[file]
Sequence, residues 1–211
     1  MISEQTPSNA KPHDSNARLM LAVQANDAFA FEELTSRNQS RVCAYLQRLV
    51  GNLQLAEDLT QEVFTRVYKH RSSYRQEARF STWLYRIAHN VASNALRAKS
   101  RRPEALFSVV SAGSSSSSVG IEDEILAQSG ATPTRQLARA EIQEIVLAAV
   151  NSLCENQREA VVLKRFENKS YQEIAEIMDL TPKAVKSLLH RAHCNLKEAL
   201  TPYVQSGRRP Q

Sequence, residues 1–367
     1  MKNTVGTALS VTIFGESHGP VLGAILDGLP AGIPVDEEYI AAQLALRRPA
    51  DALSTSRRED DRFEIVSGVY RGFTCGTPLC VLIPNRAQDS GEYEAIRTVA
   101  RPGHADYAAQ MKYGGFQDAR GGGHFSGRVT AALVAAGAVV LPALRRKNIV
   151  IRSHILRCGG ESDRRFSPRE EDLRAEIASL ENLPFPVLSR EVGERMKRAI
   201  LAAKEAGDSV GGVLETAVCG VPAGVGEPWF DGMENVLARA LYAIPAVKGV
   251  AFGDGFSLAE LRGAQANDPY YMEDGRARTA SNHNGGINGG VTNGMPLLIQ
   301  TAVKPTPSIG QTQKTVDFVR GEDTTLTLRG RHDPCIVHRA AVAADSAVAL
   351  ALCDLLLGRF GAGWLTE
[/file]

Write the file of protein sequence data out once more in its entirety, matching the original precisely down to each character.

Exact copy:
Sequence, residues 1–211
     1  MISEQTPSNA KPHDSNARLM LAVQANDAFA FEELTSRNQS RVCAYLQRLV
    51  GNLQLAEDLT QEVFTRVYKH RSSYRQEARF STWLYRIAHN VASNALRAKS
   101  RRPEALFSVV SAGSSSSSVG IEDEILAQSG ATPTRQLARA EIQEIVLAAV
   151  NSLCENQREA VVLKRFENKS YQEIAEIMDL TPKAVKSLLH RAHCNLKEAL
   201  TPYVQSGRRP Q

Sequence, residues 1–367
     1  MKNTVGTALS VTIFGESHGP VLGAILDGLP AGIPVDEEYI AAQLALRRPA
    51  DALSTSRRED DRFEIVSGVY RGFTCGTPLC VLIPNRAQDS GEYEAIRTVA
   101  RPGHADYAAQ MKYGGFQDAR GGGHFSGRVT AALVAAGAVV LPALRRKNIV
   151  IRSHILRCGG ESDRRFSPRE EDLRAEIASL ENLPFPVLSR EVGERMKRAI
   201  LAAKEAGDSV GGVLETAVCG VPAGVGEPWF DGMENVLARA LYAIPAVKGV
   251  AFGDGFSLAE LRGAQANDPY YMEDGRARTA SNHNGGINGG VTNGMPLLIQ
   301  TAVKPTPSIG QTQKTVDFVR GEDTTLTLRG RHDPCIVHRA AVAADSAVAL
   351  ALCDLLLGRF GAGWLTE